Our complex relationship with Saudi Arabia


The U.S. alliance with Saudi Arabia has always been complex. Founded on oil, the relationship flourished as America’s need for foreign energy resources grew and was fed by the Arab world’s seeming endless supply of oil. But the kingdom is dramatically different from Western democracy, and the alliance has made for very strange bedfellows.

Saudi Arabia is a rigid theocracy, where non-Muslims are not welcome, where women are forbidden to drive and where religious minorities face systematic discrimination. There is no freedom of peaceful protest. The country’s political system is owned and operated by the large Saudi royal family, and the nation is a major exporter of an extreme brand of Islam and a significant funder of violent Islamic terrorist groups.

The kingdom has long been hostile to Israel, with its opposition softening only in the last decade and a half, as the two countries focus on combatting common enemies, including Iran. President Barack Obama recently summed up America’s relationship with Saudi Arabia by saying, “It’s complicated.”

Included in the complexities of that relationship is the fact that 15 of the 19 terrorists who attacked the United States on Sept. 11, 2001, were Saudis. The 2002 congressional report on the attack — the deadliest terrorist attack ever on U.S. soil — concluded that there was no evidence that Saudi Arabia supported al-Qaeda or Osama bin Laden. At least, that is what was said in the public version of the report.

Now, there is a growing call for the government to declassify 28 pages of the report in which it is understood that the Saudi role is described in detail. “There’s no question that this is an important alliance that has accrued to the benefit of the United States in many ways,” Sen. Christopher S. Murphy (D-Conn.) said last week. “But as time goes on, it’s harder and harder to ignore the holes in the relationship.”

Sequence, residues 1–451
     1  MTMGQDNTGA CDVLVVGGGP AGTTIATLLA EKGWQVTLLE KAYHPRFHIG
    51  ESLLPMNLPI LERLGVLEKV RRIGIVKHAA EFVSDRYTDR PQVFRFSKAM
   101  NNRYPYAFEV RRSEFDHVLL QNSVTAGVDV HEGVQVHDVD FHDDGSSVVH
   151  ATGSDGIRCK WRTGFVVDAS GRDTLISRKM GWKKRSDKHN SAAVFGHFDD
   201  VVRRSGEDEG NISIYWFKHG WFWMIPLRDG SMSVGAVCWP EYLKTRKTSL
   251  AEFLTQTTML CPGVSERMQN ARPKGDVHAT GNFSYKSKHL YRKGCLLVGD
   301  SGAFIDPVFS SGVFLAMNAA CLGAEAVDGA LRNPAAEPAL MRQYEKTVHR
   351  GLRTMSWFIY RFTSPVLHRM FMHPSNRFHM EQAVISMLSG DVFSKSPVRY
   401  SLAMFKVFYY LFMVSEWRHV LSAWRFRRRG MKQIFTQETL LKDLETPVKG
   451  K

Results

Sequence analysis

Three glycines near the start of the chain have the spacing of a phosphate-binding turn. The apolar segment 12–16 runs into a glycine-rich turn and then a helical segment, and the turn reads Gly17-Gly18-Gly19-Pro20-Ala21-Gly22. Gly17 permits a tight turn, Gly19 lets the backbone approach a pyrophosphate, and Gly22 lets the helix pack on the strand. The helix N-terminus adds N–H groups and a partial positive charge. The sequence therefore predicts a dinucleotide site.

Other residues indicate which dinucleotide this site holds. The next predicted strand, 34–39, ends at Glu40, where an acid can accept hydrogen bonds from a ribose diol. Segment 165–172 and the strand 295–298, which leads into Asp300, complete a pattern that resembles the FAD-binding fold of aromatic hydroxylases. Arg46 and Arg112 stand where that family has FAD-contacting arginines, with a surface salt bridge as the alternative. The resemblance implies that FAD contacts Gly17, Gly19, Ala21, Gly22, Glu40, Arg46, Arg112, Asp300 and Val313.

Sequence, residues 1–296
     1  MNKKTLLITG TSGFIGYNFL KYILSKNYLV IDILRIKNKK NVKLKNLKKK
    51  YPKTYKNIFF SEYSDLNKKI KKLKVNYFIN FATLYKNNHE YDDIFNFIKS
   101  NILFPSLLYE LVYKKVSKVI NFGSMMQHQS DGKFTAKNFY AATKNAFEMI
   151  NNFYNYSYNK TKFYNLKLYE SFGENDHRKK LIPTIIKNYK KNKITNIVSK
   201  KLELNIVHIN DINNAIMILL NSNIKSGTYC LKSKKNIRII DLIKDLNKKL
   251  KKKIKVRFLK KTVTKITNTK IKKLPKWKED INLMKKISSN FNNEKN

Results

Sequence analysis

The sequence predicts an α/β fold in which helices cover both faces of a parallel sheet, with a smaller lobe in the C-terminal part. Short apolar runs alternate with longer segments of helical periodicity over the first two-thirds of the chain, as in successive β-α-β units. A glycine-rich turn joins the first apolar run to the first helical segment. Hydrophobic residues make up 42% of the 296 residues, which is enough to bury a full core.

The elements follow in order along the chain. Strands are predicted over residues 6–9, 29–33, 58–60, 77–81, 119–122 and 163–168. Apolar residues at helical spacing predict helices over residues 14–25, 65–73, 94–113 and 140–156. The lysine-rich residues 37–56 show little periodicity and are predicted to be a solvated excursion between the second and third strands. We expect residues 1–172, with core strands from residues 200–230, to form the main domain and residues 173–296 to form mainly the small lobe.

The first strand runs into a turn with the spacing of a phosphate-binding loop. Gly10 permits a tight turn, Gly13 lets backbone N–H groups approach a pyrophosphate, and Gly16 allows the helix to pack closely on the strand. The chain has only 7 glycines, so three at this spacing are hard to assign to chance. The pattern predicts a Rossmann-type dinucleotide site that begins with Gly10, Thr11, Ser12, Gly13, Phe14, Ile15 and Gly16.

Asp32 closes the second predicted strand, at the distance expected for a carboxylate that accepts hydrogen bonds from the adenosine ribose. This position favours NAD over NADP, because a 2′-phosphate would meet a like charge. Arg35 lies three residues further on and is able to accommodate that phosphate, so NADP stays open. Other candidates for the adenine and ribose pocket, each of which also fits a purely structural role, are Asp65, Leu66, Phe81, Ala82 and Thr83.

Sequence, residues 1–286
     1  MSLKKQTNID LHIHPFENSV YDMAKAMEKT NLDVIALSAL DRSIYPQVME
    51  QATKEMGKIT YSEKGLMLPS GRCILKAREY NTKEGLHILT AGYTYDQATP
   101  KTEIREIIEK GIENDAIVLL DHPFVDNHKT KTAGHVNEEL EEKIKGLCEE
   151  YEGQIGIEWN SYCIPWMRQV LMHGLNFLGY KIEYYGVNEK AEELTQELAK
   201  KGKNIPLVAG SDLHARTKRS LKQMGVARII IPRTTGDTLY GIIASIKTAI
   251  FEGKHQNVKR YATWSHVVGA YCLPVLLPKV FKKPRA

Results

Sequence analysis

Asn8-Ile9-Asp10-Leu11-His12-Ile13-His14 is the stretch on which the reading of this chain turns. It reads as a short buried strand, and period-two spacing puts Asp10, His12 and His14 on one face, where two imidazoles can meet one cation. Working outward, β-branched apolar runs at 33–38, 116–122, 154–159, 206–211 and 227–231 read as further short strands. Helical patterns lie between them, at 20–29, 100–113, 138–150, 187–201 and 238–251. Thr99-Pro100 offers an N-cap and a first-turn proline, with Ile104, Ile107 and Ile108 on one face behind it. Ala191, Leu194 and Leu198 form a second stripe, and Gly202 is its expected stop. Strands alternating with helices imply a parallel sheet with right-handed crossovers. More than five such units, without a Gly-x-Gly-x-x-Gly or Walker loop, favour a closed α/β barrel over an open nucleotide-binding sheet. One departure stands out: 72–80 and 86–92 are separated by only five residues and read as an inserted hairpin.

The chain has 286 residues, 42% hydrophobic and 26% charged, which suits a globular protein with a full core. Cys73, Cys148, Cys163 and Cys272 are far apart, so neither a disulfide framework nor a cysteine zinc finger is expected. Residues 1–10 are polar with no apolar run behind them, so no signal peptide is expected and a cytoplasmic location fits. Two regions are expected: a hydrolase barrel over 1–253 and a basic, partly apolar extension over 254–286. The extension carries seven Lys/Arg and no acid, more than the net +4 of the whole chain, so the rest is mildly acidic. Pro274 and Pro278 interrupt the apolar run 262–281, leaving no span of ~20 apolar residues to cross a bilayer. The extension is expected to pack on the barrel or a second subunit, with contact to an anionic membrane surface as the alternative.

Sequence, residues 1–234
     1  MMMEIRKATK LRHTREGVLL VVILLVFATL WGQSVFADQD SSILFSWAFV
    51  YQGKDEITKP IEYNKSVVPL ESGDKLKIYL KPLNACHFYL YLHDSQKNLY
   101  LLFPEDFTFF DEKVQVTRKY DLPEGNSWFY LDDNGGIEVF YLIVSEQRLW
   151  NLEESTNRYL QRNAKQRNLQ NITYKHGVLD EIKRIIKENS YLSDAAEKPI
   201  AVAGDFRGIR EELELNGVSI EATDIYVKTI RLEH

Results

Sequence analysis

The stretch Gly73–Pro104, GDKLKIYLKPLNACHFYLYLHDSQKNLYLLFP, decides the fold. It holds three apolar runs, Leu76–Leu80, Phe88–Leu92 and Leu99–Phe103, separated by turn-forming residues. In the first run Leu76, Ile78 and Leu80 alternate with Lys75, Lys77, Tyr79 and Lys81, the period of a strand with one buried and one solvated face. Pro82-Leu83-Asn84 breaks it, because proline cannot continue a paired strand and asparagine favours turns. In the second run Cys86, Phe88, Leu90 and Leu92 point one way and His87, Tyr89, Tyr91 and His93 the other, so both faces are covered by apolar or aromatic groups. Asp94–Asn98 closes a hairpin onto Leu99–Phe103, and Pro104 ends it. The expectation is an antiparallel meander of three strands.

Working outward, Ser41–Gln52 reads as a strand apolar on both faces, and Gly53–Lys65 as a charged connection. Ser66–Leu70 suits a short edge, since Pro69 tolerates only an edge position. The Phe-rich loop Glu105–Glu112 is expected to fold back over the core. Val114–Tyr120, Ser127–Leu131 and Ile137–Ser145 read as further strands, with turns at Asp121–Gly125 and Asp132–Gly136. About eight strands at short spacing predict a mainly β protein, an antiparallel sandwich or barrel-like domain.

At the same time, a bipartisan bill is moving through the Senate that would allow families of 9/11 victims to sue Saudi Arabia. “It’s very simple: If the Saudi government was complicit in terrorism, then they should pay the price,” said Sen. Charles E. Schumer (D-N.Y.), one of the bill’s sponsors. But leaders in both the Senate and the House say they oppose the legislation, and Obama is likely to veto it if it passes.

The public has the right to know what the 9/11 Commission concluded about Saudi Arabia’s involvement in the disastrous events of Sept. 11. Therefore, no matter how “complicated” our country’s relationship is with the kingdom, we encourage full disclosure of the extent of the Saudi role in the seminal terror event that turned this country on its head and led to two wars we are still fighting.

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